Looking back: Bridge for Smith’s Ferry

Published 9:54 am Friday, August 12, 2016

by Clyde Parker

August 12, 1916

Cecil C. Vaughan Sr., Franklin District representative on the Southampton County Board of Supervisors, did his town and district a splendid service when he secured authority from the Board to have a steel bridge erected across the Nottoway River at Smith’s Ferry.

“There is no road, except, maybe, the Courtland-Franklin Road, leading into Franklin from the west, that is used more than the Smith’s Ferry Road,” Vaughan said, yesterday, during an interview.

He continued, “Some of the best trade our town enjoys comes to us over Smith’s Ferry out of the lower section of Southampton County and in the Como community of Hertford County, North Carolina.”

Mr. Vaughan has had the erection of this bridge under contemplation for some time now, and we congratulate him for securing this valuable asset to Franklin’s accessibility.

“Ferries are too slow and uncertain for modern automobiles and today’s improved highways,” he said.

The bridge will connect the two greatly improved sections (north of the ferry and south of the ferry) of Smith’s Ferry Road.

Improvement of that road, now, one of the best in the County, was accomplished by actions of Mr. Vaughan; and it will come to be a major inter-state highway.

C.C. Vaughan Sr. is the “Mr. Roads Man.” He has been involved and instrumental, on a broad regional basis, in developing better passageways and inter-town connectivity to accommodate the rapidly increasing use of modern-day, and fast, automobiles. Horse and buggy travel is still with us but it is beginning to fade.

The bridge will cost approximately $12,000; half of this amount comes from the State fund for bridge and road building; $3,000 from the County; and the remaining $3,000 from the Town of Franklin.

“The Town Council, as an inducement, based on economics,” stated a Council representative, “just approved this at their meeting on Monday night.”

Cigarette Law Enforcement

Mayor Paul D. Camp, on Tuesday, announced that he will rigidly enforce the law on the statute books against furnishing cigarettes to minors and that all violators will be fined to the fullest extent of the law. An instance of violation of this law has come to the Mayor’s attention and he wishes to warn all dealers in cigarettes that the law is to be enforced.

The law, as published in the Code of Virginia, Section 3828b is as follows:

“That if any person should sell, barter, give or furnish, or cause to be sold, bartered, given, or furnished to any minor under sixteen years of age cigarettes or tobacco in any form, said person shall be fined not less than ten nor more than one hundred dollars.”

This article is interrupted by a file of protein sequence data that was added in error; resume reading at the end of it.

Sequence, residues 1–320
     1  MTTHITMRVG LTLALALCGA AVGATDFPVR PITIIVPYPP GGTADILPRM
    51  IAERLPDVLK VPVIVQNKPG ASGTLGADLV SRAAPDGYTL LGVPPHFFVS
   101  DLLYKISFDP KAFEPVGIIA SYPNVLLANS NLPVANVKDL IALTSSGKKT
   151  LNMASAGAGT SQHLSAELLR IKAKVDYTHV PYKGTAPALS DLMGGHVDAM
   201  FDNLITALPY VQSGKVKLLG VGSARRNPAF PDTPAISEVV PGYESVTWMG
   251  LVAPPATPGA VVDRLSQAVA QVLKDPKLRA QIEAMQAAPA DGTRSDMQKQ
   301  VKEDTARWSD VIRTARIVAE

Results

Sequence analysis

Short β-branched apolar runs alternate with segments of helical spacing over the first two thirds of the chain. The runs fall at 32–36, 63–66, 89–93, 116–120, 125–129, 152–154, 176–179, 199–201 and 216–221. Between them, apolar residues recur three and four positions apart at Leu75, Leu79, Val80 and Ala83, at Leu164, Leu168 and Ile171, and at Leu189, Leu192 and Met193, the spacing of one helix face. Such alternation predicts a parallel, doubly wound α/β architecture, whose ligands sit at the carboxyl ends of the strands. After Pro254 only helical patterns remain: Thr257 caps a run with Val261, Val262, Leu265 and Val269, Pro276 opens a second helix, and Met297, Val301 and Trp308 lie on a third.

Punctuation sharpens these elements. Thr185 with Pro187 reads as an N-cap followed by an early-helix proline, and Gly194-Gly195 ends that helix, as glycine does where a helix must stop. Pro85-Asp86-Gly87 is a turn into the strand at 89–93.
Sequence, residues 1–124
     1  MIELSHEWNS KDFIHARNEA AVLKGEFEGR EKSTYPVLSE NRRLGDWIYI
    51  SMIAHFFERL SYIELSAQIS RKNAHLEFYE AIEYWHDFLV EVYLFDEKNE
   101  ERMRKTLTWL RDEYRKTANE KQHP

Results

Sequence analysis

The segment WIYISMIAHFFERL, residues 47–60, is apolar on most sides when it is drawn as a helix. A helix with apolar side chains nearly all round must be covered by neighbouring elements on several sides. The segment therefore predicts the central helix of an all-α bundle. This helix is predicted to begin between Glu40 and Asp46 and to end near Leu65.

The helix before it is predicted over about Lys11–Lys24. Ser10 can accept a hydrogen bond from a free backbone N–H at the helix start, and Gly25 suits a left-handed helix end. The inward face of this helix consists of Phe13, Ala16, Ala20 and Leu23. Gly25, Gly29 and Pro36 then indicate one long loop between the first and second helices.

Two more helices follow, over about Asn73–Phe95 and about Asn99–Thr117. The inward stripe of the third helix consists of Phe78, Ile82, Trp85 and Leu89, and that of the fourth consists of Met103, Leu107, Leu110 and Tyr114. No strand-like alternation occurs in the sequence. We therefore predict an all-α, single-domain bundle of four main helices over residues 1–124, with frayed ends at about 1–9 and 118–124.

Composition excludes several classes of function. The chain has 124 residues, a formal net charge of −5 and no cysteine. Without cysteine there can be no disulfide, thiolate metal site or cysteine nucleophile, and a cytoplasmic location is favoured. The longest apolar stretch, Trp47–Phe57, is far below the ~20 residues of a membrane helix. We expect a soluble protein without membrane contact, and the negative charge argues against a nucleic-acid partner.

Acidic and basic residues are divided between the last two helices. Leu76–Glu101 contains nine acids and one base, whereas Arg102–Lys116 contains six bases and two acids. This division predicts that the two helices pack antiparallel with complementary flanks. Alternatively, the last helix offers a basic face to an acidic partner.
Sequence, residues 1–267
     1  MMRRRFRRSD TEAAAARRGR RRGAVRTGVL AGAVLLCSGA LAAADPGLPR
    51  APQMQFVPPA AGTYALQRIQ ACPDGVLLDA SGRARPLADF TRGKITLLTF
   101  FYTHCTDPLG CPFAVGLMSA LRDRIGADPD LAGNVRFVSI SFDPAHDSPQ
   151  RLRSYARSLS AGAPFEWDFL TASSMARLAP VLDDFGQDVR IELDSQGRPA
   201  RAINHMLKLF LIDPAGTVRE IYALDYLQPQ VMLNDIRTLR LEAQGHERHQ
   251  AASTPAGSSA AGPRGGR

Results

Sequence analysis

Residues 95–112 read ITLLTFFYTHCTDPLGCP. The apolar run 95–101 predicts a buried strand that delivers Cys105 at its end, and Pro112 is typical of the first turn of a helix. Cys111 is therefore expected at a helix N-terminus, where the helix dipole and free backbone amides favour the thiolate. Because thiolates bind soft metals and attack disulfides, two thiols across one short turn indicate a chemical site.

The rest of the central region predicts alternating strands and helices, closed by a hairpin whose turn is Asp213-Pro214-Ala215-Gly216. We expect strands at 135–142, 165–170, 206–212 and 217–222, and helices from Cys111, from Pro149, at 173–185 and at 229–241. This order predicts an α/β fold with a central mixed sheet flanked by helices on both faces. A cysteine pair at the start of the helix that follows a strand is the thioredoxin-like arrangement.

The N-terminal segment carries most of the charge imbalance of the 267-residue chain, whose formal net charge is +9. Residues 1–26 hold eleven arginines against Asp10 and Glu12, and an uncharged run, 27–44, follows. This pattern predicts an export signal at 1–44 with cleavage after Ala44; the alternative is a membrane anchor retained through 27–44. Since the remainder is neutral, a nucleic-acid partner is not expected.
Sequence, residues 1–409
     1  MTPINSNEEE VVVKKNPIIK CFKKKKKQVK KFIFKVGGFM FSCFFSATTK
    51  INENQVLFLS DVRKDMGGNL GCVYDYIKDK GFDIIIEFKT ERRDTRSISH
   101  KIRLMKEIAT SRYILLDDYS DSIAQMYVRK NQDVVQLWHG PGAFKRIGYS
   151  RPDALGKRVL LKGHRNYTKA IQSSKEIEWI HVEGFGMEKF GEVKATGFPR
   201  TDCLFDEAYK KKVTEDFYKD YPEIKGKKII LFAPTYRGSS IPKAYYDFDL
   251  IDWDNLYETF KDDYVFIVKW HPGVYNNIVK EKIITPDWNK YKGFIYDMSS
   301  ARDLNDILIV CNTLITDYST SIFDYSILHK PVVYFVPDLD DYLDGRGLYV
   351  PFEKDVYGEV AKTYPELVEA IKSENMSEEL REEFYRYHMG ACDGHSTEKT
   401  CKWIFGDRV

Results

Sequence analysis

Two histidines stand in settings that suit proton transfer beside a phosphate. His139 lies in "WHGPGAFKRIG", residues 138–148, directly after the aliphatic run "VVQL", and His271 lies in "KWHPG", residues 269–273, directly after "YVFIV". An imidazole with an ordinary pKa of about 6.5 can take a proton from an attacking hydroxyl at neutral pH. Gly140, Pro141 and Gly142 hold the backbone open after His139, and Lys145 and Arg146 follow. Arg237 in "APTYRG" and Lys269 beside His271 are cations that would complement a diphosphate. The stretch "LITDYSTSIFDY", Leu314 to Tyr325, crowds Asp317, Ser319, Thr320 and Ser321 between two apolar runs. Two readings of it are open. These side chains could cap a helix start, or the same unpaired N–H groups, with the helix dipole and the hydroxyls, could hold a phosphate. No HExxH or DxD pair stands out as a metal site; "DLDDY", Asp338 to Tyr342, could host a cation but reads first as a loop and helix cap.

“Likewise, distribution of pistols, dirks, or bowie-knives by a person to a minor under sixteen years of age is unlawful and shall be dealt with in accordance with the aforementioned statute.”

Mayor Camp also wishes to warn all dealers in cigarettes that it is unlawful to sell cigarettes or any other merchandise, not defined by law as a necessity, on the SABBATH DAY, and that all violations of this law will be likewise dealt with and the penalties prescribed in such cases imposed.

Farmers Bank, New Enterprise

Meeting last Friday afternoon in the offices of E.L. and E.C. Beale, a number of prominent business men of the town and adjoining communities organized The Farmers Bank, as Franklin’s third banking institution. The new bank will join in competition with Merchants and Farmers Bank and Vaughan and Company Bankers, all three situated in Franklin’s highly productive Main Street business district.

The new bank will be open for business about the middle to the latter part of this month and, for the present, will use the offices of E.L. and E.C. Beale, located on Second Avenue just in the rear of the post office. That location is admirably fitted up for use as a bank. The Messrs. Beale recently bought the banking furniture used by Merchants and Farmers Bank in their former location between the Main Street stores of Joe Bynum Gay Clothiers and Knight Drug Company.

The new financial venture will be a State bank. An organizational committee, whose mission it is is to secure a charter, is functioning; the minimum capital stock of $25,000 is in place; and, the bank will soon be in business.

The officers and directors of the new banking house are men of standing, influences, and means in their communities. The list of stockholders shows considerable financial strength interested and invested in the new bank.

The officers as elected are: President, Attorney E.L. Beale of Franklin; Vice President, County Clerk of Court H.B. McLemore of Courtland; Vice President, W.L. Beale, a prominent and successful real estate man and farmer, of Handsom; and Secretary, H.C. Thornton, in the furniture business, of Franklin.

Directors of the bank are the aforementioned E.L. Beale and H.B. McLemore; and Franklin residents Harry Steinhardt, J.H. Holland Jr., J.T. Gray, and John A. Williams.

CLYDE PARKER is a retired human resources manager for the former Franklin Equipment Co. and a member of the Southampton County Historical Society. His email address is magnolia101@charter.net